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Ridryder911

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Unfortunately, the people that is attracted to EMS is not always the ones that understand professional attire or dress.

In medical school the attire may not be emphasized while in class, but it is sure enforced by many unwritten rules on the clinical setting. I know I found it ironic and canny that certain level(s) are expected to wear such attire. That second year, wore "tassels" on the loafers, that only interns wore the short lab coats and internal and cardiology residents wore the cotton button lab coats, etc. Seeing this little internal "dress code" representing hierarchy, and as well professionalism.

I know of residents that were placed upon probation because they refused to wear ties or professional dress (long sleeve shirt, tie, docker/slacks, dress or business type suit). There is an emphasis from the beginning that professionalism is demanded and expected. As most have observed there is little leniency allowed. Even Radiologist that sit in dark rooms all day, usually will have a tie on.

Maybe if we install the same attitude of expecting and demanding professionalism we too will see the results. Unfortunately, the general demeanor and type of those students that attend EMS courses are not those that have exposure and understand the boundaries. Sadly, one can usually identify EMS students from other programs. Again, the population that is attracted to this profession, the general expectation, and the poor enforcement and demand of professionalism.

One can look at themselves, beginning with the instructors. Does the instructor display professionalism. I personally wear shirts w/tie on most class period. Even on hospital clinical sites, I wear such attire with a nice lab coat. Amazing the difference of perception wearing that versus a EMS or security style "uniform" while in a hospital, both from patients and staff members.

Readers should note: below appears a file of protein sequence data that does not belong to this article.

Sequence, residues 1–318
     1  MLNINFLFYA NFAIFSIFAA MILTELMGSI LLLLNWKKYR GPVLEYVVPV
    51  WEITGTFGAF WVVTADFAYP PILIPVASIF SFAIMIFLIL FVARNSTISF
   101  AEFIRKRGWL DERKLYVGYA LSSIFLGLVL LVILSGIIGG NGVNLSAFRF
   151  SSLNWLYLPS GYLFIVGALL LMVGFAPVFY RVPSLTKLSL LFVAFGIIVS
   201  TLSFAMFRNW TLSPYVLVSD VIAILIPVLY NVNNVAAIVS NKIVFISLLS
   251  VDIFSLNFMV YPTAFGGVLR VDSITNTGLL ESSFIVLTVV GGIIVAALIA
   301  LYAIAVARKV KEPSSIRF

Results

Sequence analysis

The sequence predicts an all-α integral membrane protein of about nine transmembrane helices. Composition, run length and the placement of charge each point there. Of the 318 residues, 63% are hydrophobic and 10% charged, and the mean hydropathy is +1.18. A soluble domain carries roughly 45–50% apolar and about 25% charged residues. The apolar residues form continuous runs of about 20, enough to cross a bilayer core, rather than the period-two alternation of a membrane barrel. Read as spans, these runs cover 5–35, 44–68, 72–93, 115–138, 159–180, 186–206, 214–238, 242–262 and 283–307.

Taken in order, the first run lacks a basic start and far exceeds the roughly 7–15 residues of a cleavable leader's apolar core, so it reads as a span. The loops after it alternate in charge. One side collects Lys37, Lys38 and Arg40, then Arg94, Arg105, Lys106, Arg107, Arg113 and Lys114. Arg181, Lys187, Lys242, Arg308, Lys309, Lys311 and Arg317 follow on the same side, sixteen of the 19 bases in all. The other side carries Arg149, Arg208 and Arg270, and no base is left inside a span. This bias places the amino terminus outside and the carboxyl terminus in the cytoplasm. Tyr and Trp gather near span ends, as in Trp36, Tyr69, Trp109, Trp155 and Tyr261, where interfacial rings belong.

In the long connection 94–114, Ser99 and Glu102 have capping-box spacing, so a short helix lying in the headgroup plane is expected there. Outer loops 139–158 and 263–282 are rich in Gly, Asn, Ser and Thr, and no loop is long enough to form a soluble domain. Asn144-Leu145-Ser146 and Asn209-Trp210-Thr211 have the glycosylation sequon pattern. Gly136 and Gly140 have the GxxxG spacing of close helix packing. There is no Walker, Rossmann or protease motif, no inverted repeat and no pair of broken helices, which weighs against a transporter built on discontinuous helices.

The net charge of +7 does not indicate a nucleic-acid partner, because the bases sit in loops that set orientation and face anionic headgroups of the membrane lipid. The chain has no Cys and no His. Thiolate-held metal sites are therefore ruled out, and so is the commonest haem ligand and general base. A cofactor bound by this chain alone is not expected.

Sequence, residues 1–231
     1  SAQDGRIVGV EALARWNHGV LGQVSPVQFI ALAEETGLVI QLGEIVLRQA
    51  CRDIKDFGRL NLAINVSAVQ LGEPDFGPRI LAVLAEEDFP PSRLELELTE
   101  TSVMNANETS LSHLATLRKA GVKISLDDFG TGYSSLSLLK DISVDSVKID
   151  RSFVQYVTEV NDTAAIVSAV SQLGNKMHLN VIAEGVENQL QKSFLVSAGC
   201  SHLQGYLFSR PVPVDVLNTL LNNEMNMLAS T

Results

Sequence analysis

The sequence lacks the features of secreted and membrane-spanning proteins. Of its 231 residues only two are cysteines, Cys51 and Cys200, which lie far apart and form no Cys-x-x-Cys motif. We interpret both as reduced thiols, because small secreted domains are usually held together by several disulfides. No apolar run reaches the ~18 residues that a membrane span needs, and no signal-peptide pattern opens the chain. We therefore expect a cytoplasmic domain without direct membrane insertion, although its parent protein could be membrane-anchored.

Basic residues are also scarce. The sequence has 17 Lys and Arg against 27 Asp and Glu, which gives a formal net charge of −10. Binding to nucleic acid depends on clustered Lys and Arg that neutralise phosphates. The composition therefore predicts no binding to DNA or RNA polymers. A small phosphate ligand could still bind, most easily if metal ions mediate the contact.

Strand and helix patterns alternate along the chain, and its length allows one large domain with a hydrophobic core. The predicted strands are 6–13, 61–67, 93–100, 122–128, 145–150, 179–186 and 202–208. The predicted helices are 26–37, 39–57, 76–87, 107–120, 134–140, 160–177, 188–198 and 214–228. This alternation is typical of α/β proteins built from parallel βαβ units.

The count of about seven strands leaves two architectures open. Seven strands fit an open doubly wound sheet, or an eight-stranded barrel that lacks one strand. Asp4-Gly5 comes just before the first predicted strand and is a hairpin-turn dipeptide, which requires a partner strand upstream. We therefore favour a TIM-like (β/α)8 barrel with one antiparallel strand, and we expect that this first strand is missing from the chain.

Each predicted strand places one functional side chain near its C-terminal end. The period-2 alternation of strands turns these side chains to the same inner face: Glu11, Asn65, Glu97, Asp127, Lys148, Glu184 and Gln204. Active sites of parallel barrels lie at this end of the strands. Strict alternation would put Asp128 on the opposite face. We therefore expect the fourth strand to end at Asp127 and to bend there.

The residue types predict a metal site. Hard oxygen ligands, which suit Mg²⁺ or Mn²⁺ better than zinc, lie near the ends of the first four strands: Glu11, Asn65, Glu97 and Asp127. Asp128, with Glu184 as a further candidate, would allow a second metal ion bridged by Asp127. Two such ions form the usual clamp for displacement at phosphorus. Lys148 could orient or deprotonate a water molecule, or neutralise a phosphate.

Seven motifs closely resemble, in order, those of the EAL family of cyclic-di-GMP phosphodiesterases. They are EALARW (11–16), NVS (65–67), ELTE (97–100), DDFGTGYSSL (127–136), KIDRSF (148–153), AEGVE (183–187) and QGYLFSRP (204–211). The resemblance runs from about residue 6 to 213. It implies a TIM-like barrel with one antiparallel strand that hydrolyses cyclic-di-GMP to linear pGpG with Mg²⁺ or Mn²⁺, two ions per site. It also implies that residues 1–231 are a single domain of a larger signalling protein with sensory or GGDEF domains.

The same irritation of even addressing one in class. My name is Mr._______ in the classroom and clinical setting, outside it is my given first name. Alike I have many physician friends whom I never call them by their first name at work and quite the opposite off duty.

EMS has grown, yet we still have a lot a room to mature. Everyone talks about the "basics" and part of the basics of the profession is how to act and display professionalism.

R/r 911
 
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Oregon

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I assist in a program that is moving to uniforms next term. As a student, I was happy wearing whatever pleased me most. Now that I am on the other side of the desks, I totally understand the pleas for uniforms from the instructors.
Discipline, pride, safety, all good reasons for uniforms. Not to mention the nasty -grams coming back from clinical sites about students not showing up dressed appropriately.
But the number one reason I lobbied for implementation is...covering up the hairy backsides of people while they are bending over right in my face. I don't care to know what sort of undies the students are wearing. Lots of bending over in EMT basic class<_<
This means I have to wear the same uniform as an assistant, but I'll live with the white shirt if I don't ever have to see what I've seen again.
 

Blacke00

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You could tell who's taking the class seriously by how they carry themselves, how they dress, how they behave in the classroom.
I agree 100% with this...
Just last night the guy sitting next to me, who drives 1.5 hours to get to this class, didn't bring any of his books to class, got a 50 on the quiz, and then proceded to carry on a text messaging conversation under the table during the entire lecture on the introduction to the Cardiovascular and Musculoskeletal systems...